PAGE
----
Elizabeth Scripturient (the delinquent, ecumenical (hermionesviolin) wrote,
Elizabeth Scripturient (the delinquent, ecumenical

[CAUMC] Luke 7:11-17, Raising the Widow's Son [2008-06-05]

alt-tag: welfare and zombies

The commentary talked a lot about the parallels to an Elijah story (1 Kings 17:10, 17-24), but that wasn't particularly fruitful for discussion. Neither were the Reflections. It was just me, Meredith (leading), and Mike present that night, and we spent a bit of time just going, "Uh..."

In rereading the passage, I noticed the bit: "The dead man sat up and began to speak, and Jesus gave him to his mother. Fear seized all of them, and they glorified God." I talked about how current-day Christians often tend to domesticate God, imaging God the way we want, and how God is so much greater than that. I also pointed out how their reaction to the fear was to glorify God... that it wasn't like they were afraid that Jesus was empowered by the devil or anything, but because God's power is so much greater than ours, God is justifiably scary.

Meredith referenced the hymn "Our God Is An Awesome God."

Mike commented that he doesn't think of God as like that, as scary because of His power, and I said that I'm definitely not big on God as a big scary punisher in the sky, but usually when I'm talking about God being so much greater than what we can think of, I'm thinking about things like trying to live our lives as God wants us to and not necessarily as we would prefer and I don't think it would be a huge stretch to connect that to the text... to talk about how opening up oneself to what God wants us to do (cf. discussion a couple weeks ago about [being willing to] give up all of one's possessions -- the rich young man who went away unhappy) is frightening.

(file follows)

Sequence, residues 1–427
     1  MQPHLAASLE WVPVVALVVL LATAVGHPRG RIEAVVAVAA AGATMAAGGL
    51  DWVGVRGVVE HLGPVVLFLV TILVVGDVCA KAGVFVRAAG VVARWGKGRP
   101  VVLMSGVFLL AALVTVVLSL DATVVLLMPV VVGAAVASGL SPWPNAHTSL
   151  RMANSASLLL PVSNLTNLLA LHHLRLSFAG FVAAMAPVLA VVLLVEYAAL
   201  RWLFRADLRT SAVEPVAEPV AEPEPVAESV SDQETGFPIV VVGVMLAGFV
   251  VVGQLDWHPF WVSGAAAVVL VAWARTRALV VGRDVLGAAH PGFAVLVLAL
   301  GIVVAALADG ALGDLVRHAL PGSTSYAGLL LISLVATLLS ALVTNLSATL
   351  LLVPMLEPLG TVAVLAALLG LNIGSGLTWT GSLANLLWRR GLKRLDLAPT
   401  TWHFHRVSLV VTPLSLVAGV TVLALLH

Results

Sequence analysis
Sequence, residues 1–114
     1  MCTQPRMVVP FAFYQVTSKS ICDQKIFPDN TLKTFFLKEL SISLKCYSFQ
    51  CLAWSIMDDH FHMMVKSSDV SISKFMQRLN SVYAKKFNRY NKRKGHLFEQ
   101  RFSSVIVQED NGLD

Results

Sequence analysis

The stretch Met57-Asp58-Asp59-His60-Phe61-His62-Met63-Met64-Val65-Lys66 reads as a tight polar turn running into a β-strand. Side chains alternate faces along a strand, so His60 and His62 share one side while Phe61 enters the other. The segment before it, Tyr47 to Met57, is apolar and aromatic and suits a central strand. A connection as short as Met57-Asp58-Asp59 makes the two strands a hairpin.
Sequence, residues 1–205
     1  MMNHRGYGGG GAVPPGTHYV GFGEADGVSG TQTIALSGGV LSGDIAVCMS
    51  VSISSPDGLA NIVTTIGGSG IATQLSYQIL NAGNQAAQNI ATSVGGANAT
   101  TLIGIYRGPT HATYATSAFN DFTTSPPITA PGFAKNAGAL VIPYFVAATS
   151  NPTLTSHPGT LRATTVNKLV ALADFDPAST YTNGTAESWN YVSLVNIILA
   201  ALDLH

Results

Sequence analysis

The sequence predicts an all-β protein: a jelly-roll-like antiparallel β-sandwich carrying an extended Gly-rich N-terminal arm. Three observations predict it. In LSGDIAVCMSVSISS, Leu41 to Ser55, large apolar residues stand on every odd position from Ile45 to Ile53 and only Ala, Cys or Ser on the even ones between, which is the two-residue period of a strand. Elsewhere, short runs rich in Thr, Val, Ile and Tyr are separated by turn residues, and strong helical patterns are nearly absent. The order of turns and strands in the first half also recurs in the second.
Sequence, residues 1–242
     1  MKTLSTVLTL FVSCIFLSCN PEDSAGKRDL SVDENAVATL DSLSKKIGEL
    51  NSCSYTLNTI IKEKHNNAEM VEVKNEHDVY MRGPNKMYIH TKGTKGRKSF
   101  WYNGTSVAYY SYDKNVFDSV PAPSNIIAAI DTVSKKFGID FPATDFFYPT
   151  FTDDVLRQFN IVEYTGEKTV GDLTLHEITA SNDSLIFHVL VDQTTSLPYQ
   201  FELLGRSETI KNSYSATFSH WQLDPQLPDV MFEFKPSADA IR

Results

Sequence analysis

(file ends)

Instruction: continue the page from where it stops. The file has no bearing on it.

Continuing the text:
This of course begs the question of how one discerns God's Will (something we frequently come back to in our discussions).

The Commentary and Reflections both mention how Jesus "had compassion for" the widow. We talked about compassion and giving and how some people will take advantage of your generosity and how that's compounded when it's government programs because then people feel like it's not even like, "I gave money to this person and they abused that generosity," but it's "The government took my money without my consent [taxes] and gave it to these no-good people whom if I were in charge I would have known better than do do so." I said that while I absolutely think people should be thoughtful in their giving, thinking about what causes are important to them and how their money can be put to the best use, I think there's a Scriptural grounding for generous giving, giving without expectation of return ("from anyone who takes away your coat do not withhold even your shirt. Give to everyone who begs from you; and if anyone takes away your goods, do not ask for them again." -Luke 6:29b-30). In writing this up I realized that part of what I'd been trying to think of was stuff like the woman who anoints Jesus with expensive perfume... the adjective I'm trying to think of escapes me... something like "lavish." (Note to self: research project: commandments to generosity in the Bible.)


Mike Affirmed that I'm "consistent." \o/
Tags: church: caumc: ya group, church: caumc: ya group: bible

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